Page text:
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banner Friday, 4 August, 2000, 01:13 GMT 02:13 UK
Who's watching the Convention?

By the BBC's Gordon Corera in Philadelphia

George W Bush's speech marks the crescendo of the four-day Republican Convention, replete with all the razmatazz that American politics can offer - and that's a lot.

Bands, balloons and banners festoon the First Union Centre and inside, people have been fighting over the much sought-after gold passes that get you onto the floor.

But while excitement has built here in the small section of south Philadelphia where the Republicans and media have converged, the real question is whether anyone else is paying any attention.

Talking to natives of Philadelphia unconnected with the Convention, interest seemed decidedly limited.

One told me that the highlight so far had been when 'The Rock' - a popular wrestler - made an appearance on stage and this was at least as interesting to her as Bush's speech.

And as the conventions become more stage managed, the media also decides there is less of a story.

New kids

On the opening night, NBC didn't bother with anything at all from here while ABC scheduled it around a football game - and you can guess what people tuned in for.

The networks are leaving more and more of the coverage to cable channels or the new kids on the block - the internet who are here in droves.

All of this means that what was once a seminal act in American politics has become something of a sideshow - mainly the focus of political junkies.

Less than half the American public bothered to vote in the last election - and participation is lowest amongst young people.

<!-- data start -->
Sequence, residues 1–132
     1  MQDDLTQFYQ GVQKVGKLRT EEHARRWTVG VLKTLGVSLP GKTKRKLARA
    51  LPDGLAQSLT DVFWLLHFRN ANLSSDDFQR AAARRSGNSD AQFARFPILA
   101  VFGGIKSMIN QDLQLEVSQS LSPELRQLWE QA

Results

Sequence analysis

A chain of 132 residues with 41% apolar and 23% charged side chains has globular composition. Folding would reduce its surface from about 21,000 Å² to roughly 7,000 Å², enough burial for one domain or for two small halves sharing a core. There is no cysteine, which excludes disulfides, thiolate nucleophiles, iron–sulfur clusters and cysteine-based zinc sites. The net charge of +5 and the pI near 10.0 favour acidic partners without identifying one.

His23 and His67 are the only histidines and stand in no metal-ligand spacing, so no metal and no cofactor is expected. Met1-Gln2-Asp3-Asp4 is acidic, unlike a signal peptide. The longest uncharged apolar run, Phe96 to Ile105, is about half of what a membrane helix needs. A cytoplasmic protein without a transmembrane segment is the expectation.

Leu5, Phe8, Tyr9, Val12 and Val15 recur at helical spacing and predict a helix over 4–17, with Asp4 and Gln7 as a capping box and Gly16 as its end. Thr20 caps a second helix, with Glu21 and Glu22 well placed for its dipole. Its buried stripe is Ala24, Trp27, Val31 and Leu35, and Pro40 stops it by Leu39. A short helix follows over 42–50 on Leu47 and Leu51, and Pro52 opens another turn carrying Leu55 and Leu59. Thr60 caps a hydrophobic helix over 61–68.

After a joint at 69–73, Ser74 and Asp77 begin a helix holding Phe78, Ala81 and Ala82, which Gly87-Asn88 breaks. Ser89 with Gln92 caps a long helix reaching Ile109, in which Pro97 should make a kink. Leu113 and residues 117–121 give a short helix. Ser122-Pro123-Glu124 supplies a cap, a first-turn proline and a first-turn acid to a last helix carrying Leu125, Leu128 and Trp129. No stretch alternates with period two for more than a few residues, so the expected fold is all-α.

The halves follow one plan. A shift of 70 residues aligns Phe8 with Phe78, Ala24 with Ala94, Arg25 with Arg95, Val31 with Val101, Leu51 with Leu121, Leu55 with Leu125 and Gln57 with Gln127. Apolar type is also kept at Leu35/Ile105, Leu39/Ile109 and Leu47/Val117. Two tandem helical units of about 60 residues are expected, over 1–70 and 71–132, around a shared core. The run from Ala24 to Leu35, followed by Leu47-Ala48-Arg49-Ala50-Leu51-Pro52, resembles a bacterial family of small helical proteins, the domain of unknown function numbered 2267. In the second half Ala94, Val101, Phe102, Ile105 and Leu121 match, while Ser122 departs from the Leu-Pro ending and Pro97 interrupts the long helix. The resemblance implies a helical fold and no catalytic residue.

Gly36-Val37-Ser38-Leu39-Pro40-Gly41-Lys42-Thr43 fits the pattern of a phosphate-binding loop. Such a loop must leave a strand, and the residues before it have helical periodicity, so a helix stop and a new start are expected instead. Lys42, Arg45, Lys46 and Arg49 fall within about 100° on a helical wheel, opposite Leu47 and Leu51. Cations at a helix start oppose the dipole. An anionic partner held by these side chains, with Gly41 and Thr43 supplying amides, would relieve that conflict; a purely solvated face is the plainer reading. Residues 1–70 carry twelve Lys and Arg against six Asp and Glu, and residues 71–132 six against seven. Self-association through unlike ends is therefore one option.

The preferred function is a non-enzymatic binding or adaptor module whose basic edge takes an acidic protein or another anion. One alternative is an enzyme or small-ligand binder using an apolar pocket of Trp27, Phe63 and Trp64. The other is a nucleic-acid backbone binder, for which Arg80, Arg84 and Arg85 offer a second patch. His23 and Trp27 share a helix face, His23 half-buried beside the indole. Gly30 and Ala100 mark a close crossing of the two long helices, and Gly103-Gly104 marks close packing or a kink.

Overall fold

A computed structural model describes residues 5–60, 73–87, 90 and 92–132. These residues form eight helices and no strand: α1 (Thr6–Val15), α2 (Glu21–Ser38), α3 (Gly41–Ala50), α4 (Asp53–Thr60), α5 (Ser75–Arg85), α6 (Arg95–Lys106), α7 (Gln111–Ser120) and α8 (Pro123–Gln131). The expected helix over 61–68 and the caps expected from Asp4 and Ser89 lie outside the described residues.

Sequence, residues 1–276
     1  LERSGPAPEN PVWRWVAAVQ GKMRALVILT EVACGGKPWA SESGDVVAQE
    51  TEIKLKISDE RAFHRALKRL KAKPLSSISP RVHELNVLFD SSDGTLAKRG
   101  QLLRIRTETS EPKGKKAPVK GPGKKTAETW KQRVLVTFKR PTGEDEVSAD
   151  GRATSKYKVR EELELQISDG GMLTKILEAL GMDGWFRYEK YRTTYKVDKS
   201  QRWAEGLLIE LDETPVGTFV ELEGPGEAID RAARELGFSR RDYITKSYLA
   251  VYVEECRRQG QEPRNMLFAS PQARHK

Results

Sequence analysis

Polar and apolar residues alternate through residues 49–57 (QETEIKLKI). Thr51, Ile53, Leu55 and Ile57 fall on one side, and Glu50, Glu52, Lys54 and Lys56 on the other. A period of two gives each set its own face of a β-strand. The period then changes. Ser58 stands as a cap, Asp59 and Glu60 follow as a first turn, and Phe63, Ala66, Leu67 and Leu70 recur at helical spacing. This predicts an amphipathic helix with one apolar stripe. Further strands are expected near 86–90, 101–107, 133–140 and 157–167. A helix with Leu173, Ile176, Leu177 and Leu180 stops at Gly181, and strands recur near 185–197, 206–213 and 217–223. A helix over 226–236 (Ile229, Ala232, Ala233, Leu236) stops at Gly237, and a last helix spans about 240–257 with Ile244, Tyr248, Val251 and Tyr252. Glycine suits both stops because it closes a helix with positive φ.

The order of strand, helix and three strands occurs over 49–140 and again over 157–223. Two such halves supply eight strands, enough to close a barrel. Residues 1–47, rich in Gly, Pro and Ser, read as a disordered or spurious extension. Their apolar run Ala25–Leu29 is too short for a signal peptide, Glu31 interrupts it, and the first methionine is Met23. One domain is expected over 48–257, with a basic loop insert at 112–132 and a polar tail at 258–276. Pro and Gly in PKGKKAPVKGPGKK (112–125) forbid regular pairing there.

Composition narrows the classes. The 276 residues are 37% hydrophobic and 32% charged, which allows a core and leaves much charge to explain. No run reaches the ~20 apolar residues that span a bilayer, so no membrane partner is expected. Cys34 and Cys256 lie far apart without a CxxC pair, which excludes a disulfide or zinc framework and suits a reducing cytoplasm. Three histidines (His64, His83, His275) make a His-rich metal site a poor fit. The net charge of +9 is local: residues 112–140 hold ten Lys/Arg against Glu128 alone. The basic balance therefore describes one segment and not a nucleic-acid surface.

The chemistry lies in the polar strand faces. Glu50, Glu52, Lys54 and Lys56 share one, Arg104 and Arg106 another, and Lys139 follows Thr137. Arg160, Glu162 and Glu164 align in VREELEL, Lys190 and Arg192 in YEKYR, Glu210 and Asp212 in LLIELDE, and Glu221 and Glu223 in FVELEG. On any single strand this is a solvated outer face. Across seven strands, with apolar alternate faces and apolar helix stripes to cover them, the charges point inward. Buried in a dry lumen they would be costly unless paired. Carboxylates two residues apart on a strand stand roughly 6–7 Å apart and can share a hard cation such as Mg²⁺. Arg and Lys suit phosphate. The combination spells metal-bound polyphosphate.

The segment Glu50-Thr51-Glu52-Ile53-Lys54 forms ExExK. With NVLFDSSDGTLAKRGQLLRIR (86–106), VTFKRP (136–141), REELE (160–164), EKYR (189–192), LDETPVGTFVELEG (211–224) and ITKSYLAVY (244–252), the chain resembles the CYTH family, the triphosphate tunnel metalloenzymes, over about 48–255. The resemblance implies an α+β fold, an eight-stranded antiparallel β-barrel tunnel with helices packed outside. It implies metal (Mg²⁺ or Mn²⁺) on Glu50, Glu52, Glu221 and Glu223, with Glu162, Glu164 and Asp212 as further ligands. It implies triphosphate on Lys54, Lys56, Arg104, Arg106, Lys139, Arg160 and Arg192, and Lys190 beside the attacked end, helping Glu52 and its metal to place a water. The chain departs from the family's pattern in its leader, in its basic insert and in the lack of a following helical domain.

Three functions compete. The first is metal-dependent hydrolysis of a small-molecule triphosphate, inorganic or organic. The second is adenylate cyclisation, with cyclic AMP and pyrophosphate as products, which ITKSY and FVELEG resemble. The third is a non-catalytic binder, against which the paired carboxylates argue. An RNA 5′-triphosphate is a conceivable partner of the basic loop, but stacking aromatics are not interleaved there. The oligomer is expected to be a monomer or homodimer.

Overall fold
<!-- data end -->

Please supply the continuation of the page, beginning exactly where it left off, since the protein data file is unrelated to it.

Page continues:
The Republicans have been trying their best to be trendy and appeal to the youth vote but, as ever with politicians, it normally ends up being faintly embarrassing.

Alternative view

The place you see the most young people in Philadelphia is at the Shadow Convention - an alternative gathering being held a few miles from the official party.

Organised by Arianna Huffington, a former Republican-turned-independent, and funded by George Soros, the idea is to talk about issues that the main parties won't talk about - drugs, campaign finance reform and poverty.

Ralph Nader, presidential candidate for the Green party, made a brief appearance at the Shadow Convention and young activists swarmed around him listening to him accuse both main parties of being the captives of corporate money.

The example of the Shadow Convention shows that young people may not necessarily be turned off by politics, it may be more that they are turned off by the type of glitzy, big money affairs that the conventions, and American politics in the wider sense, have become.

Until that changes, the parties may well struggle to excite America's youth.

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See also:

03 Aug 00 | Election news
On the party circuit
01 Aug 00 | Election news
Bush's bumpy centre ground
01 Aug 00 | Election news
The two faces of Philadelphia
29 Jul 00 | Election news
Choreographing the convention
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